Rite of passage every four years, Richmond
Every four years in Virginia, a new governor takes office. As of January, 2010, Virginia is the last state in the union not to allow governors to immediately succeed themselves. The only governor to serve two non-consecutive terms was Mills E. Godwin (1914-1999). He not only served two non-consecutive terms, he served each as a member of a different party (Democrat: 1966-70, Republican: 1974-78). Usually, the inauguration takes place on the south lawn of the Capitol. But in 2006, the Capitol was undergoing renovation. The last governor, Tim Kaine, took the oath of office in Williamsburg. Virginia has had 71 governors including Gov. Bob McDonnell. I know or have met several, Bill Tuck (1946-50). Gov. Tuck was a friend of my grandfather's. Chuck Robb (1982-86), George Allen (1994-98), Jim Gilmore (1998-2002), and Bob McDonnell.
Fondest memory: On 16 January 2010, my friend Chris Woychak and I got up nice and early to head downtown for the inauguration because we assumed everybody and their brother-in-law would be queuing up outside the gates. We were pleasantly surprised to find we were seventh or eighth to queue up. We waited awhile outside the gate, but when they opened the gates at 9:30am we were rewarded for arriving early. We were told to go to the information booth and pick up tickets for seating before going through the security checkpoint. I understand that the dignitaries should get the best seats and I was grateful not to be standing. My only complaint was they put those of us who queued up first in the bleachers with the worst view of the action when those who came later, like my friend Lee Mitchell, got better seats. It made us regret getting up early to get down there when we could have slept in another hour or so to get a better view.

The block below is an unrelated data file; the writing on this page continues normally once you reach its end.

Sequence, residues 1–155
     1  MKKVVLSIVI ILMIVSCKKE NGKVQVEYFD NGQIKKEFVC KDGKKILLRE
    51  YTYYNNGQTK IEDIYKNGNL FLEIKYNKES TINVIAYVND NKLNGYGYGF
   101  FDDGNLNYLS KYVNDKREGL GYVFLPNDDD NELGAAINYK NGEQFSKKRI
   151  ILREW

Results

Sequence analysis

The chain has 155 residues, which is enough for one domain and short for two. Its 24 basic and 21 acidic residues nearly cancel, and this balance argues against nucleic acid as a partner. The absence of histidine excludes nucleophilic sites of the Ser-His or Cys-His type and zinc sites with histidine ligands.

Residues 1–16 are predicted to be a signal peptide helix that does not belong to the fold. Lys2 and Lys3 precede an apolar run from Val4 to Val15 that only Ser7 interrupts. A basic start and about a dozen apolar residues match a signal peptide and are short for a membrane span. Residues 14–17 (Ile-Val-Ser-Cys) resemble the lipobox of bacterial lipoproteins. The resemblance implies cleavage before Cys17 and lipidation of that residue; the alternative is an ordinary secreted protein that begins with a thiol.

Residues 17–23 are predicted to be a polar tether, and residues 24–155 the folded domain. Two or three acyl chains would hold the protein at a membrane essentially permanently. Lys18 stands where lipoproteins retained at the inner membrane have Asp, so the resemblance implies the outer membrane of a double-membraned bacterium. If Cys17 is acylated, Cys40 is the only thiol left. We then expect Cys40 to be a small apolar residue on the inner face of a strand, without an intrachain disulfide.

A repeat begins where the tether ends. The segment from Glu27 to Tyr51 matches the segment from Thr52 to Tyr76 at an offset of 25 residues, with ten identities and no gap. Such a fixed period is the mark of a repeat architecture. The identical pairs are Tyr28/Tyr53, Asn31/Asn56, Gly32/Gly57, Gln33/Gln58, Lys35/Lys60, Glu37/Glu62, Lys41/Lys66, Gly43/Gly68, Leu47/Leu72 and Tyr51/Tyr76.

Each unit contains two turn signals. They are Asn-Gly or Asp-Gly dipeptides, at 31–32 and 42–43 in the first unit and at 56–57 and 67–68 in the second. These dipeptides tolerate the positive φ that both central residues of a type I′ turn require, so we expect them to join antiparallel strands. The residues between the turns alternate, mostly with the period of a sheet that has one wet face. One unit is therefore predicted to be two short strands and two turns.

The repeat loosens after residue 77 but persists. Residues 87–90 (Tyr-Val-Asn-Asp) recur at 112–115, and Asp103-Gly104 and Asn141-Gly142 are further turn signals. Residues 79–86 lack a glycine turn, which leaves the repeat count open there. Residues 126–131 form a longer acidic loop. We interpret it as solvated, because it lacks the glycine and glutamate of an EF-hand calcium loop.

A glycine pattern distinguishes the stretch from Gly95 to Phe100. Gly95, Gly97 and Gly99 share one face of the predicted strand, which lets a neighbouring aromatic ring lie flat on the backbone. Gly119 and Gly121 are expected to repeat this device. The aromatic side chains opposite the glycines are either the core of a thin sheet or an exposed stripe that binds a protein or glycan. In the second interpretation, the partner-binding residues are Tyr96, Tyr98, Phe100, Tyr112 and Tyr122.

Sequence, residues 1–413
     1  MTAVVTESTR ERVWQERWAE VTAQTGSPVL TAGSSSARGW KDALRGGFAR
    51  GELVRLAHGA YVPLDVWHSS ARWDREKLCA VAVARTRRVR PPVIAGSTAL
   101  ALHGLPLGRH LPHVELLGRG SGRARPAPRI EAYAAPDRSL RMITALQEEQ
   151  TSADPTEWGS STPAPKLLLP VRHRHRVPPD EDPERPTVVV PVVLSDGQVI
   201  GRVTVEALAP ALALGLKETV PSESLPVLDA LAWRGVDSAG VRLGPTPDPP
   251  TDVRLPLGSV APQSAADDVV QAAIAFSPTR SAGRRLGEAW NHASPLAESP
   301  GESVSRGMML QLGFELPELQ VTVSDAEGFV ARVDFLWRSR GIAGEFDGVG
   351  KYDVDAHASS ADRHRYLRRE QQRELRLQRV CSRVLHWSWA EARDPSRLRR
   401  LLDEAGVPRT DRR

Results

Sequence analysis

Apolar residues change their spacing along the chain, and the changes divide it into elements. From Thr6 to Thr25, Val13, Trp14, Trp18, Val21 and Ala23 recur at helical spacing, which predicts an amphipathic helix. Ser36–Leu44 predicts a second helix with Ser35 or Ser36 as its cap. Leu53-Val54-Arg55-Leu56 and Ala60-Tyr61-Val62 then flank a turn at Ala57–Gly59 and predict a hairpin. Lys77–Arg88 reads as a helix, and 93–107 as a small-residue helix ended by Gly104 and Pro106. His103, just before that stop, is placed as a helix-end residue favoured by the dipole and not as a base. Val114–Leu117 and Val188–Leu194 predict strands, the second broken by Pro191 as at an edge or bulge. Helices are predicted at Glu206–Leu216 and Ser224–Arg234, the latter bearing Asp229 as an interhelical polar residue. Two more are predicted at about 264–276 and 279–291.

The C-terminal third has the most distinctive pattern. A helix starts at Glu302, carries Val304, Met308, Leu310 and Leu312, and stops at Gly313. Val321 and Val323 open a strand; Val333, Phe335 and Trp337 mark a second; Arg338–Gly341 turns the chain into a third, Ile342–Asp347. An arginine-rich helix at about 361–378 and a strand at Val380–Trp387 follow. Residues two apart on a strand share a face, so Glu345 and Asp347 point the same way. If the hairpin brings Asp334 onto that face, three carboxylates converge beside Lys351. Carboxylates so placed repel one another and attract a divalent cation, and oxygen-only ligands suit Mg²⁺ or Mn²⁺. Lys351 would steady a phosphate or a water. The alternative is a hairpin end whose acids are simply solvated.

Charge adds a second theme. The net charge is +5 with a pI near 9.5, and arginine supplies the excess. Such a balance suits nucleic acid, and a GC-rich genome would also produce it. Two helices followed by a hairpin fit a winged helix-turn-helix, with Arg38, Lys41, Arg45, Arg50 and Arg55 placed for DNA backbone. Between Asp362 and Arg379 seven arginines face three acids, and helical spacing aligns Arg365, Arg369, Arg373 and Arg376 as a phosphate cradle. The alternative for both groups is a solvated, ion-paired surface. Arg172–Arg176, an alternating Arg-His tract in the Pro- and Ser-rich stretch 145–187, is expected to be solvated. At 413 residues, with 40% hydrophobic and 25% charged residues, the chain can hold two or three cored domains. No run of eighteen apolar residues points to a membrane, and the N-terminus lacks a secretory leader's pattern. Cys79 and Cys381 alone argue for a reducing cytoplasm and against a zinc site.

Bob McDonnell, Bill Bolling, and Ken Cuccinelli were sworn in as governor, lieutenant governor, and attorney general at noon spot on. After the new governing ticket took the oath of office there was a 19-gun salute, a Native American recognition ceremony from the eight tribes native to Virginia, and the 192d fighter wing of the Virginia Air National Guard did a flyover.
After they completed the business of the inauguration, the parade started. There were all manner of marching bands from high schools and universities across the commonwealth. Some of those bands displayed the diversity of Virginia like the Hope Chinese School in Great Falls. Instead of seeing the parade from the bleachers, Chris and I headed to the north lawn of the Capitol. We were so close to the parade that we could reach out and touch it. Not only were we able to see the parade more "up close and personal", but various dignitaries left the Capitol grounds via the northern lawn (the back yard of the Capitol).